Last updated on May 13th, 2019 at 02:28 pm
The enormous, $182 million, 12-story tall Heart Tower addition to St. Luke’s Medical Center on the south side of Milwaukee will receive its first patient on May 3.
The first surgery is scheduled to take place May 10, wrapping up a one-week transition into the 440,000-square-foot addition. The project marks a significant milestone for Aurora Health Care and St. Luke’s, and it demonstrates the prominence of the cardiac care business in the Milwaukee area.
"We’re very proud of it," said Dennis Potts, vice president of St. Luke’s Medical Center. "The physicians, as well as the staff, are so excited to see this become a reality."
The Heart Tower is equipped with the latest medical technology and has 192 private patient rooms, 78 intensive care unit (ICU) patient rooms and eight operating rooms. Many of the patient rooms have prime views of the downtown Milwaukee skyline or Miller Park.
"I don’t think there’s going to be a patient (at other Milwaukee hospitals) with a better view," Potts said. "That’s got to help you feel better."
With the addition of the Heart Tower, St. Luke’s will have a total of 38 operating rooms.
The ICU patient rooms in the Heart Tower have more space for equipment and family members than the ICUs in other parts of the hospital. They provide more space for medical equipment and room for family members to be with patients, which hospital officials say is a critical part of the healing process.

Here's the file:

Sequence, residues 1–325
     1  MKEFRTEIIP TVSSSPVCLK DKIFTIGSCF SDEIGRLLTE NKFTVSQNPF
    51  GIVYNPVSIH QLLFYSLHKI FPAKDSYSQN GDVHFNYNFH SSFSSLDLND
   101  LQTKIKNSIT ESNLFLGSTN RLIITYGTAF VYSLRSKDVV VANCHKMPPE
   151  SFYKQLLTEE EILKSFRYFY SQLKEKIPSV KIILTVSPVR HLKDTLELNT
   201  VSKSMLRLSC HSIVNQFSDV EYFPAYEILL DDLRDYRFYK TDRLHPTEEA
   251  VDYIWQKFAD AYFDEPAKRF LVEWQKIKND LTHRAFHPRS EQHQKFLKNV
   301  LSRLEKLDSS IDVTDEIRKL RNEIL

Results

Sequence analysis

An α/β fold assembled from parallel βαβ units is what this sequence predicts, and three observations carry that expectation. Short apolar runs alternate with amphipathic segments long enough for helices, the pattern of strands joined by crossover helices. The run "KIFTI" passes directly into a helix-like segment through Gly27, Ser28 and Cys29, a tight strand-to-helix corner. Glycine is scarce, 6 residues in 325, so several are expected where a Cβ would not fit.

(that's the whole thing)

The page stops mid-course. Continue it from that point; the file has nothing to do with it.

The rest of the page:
"In normal-sized ICUs, there’s no room for the patient’s family," said Dr. David Kress, chief of cardiothoracic surgery at St. Luke’s. "We want the family in there."
The other patient rooms in the Heart Tower also have more space because they are private. The Heart Tower will free up space in the rest of the hospital to convert as many of the existing patient rooms into private rooms as possible, hospital officials said.
Many of the innovations in the Heart Tower will improve the efficiency of the hospital’s operations and should speed up the process of evaluating and treating patients, St. Luke’s officials said.
Testing stations on each floor will enable physicians to perform some tests without going all the way to a laboratory.
The hospital will use digital copies of X-rays, CT scans and other images that can be accessed at computers almost anywhere in the Heart Tower, instead of having to fetch a physical copy of the image each time a physician wants to review it.
"In the past, this involved a lot of legwork," said Kress, adding that the improved efficiencies from using digital images will save time and will benefit patients.
"It allows decision-making to occur earlier in the day," Kress said. "Patients get the treatment faster, and they get out of the hospital faster."
The operating rooms are slightly larger than the operating rooms in the rest of the hospital, and they have additional storage space for supplies and equipment to provide more room for physicians to work. Each operating room has a flat-screen monitor to display the patient’s vital signs. All of the equipment is brand new and state-of-the art.
"This is a doctor’s dream," said Kress.
"The patients will receive the best possible care in these (operating) rooms," Potts said.
For the families of patients, the Heart Tower will feature waiting areas, kitchenettes and Internet access in patient rooms .